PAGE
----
"So, how's my case look, Miss Justice?"

"I'll be honest with you, from what you told me, it doesn't look too good. You were caught red handed robbing a bank. When you got back to the police station, you made a statement in which you confessed to the bank robbery, and then you went on to confess to three other bank robberies that they didn't even have you on. So, right now, I'm thinking it doesn't look too good."

"Oh yeah, I guess you're right. But I want to withdraw that statement."


  1. It's amazing what people are willing to confess to, particularly if they then turn around and try to fight the charges.

    One would think that a rational person, under suspicion of a crime, and particularly after an arrest, would think about their possible impending trial and think "how is this going to look to a judge / jury?"

    One would also think that a career criminal (e.g. someone who has committed or attempted multiple bank robberies) would try to spend a few minutes learning how to avoid such mistakes.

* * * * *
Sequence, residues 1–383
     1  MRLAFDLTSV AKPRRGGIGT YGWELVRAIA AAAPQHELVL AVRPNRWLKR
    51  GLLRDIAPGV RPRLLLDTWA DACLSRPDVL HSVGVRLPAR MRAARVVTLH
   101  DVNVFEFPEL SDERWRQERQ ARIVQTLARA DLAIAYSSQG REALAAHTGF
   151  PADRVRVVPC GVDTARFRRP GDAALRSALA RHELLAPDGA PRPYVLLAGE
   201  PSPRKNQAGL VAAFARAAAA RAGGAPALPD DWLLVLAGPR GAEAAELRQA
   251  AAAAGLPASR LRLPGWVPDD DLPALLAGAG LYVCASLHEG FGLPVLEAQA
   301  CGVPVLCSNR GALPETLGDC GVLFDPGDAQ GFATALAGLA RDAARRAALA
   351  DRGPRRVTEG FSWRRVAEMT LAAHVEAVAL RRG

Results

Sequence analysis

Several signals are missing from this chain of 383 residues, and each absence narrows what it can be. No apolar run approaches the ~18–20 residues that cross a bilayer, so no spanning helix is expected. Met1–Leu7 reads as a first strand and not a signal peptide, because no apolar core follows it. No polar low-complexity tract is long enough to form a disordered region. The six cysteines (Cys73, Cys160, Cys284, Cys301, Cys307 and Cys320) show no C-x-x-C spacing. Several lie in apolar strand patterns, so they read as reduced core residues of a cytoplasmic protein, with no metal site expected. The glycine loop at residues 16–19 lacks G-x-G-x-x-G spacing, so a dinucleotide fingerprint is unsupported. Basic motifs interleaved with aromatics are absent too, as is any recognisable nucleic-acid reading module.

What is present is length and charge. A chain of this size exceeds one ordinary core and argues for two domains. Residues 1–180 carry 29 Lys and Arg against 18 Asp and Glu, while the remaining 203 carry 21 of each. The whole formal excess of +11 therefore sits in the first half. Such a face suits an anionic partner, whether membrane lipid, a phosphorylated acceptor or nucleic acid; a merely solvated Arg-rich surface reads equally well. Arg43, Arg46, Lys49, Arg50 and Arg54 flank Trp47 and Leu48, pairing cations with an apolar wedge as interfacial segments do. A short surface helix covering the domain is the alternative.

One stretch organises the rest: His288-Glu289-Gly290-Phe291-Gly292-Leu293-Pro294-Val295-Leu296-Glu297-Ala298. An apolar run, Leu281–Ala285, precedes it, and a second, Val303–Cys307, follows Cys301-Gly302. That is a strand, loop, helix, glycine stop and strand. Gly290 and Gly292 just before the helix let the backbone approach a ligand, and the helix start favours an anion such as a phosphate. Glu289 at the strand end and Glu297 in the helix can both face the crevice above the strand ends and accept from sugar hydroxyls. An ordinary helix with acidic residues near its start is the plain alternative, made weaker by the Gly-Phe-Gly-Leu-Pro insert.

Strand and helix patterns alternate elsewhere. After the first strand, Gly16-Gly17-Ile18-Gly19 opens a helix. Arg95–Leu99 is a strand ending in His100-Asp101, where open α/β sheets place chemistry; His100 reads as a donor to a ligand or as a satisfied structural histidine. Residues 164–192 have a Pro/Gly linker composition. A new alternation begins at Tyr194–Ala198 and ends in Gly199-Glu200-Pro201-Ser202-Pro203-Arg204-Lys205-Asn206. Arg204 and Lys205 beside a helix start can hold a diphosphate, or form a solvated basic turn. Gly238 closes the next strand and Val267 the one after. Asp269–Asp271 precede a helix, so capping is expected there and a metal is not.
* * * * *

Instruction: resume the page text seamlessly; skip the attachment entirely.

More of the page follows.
Granted, I'm not in favor of letting bank robbers, or any other violent criminals go free, but why make it any easier on the prosecution, particularly if you intend to fight the case.


  2. Stupid

    But isn't that the most common denominator for defendants, and especially defendants who confess.

  3. I thought you'd be interested in this article:

    I remember some time ago you posted about a case where your client had left his child in a car, and you felt he'd been treated unequally to a wealthier person in the same situation. The article is about the cases of parents whose children died after being left in hot cars, and addressed the prosecutorial discretion issue, among other points, so I thought of your blog and wanted to share it.

    - A longtime reader and fellow public interest lawyer

  4. I remember this from when I worked for a judge. It was unreal what some of the defendants would confess to, totally sua sponte.

  5. Withdrawal doesn't work for birth control, either.